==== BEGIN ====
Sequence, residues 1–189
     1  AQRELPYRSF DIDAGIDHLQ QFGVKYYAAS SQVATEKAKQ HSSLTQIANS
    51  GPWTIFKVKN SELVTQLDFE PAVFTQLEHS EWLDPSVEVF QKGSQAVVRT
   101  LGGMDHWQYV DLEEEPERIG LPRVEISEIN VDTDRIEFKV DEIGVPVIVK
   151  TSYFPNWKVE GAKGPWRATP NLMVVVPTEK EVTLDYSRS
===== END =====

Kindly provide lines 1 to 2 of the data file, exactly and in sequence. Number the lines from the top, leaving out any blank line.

Sequence, residues 1–189
     1  AQRELPYRSF DIDAGIDHLQ QFGVKYYAAS SQVATEKAKQ HSSLTQIANS